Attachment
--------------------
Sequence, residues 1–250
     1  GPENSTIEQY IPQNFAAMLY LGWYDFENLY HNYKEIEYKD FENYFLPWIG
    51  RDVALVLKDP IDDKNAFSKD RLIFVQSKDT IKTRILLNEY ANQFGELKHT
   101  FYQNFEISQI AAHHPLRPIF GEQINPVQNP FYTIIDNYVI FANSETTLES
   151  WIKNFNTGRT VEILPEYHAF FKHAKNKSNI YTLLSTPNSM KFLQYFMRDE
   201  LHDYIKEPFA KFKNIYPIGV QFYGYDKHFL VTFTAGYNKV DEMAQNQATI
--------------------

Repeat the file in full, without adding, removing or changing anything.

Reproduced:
Sequence, residues 1–250
     1  GPENSTIEQY IPQNFAAMLY LGWYDFENLY HNYKEIEYKD FENYFLPWIG
    51  RDVALVLKDP IDDKNAFSKD RLIFVQSKDT IKTRILLNEY ANQFGELKHT
   101  FYQNFEISQI AAHHPLRPIF GEQINPVQNP FYTIIDNYVI FANSETTLES
   151  WIKNFNTGRT VEILPEYHAF FKHAKNKSNI YTLLSTPNSM KFLQYFMRDE
   201  LHDYIKEPFA KFKNIYPIGV QFYGYDKHFL VTFTAGYNKV DEMAQNQATI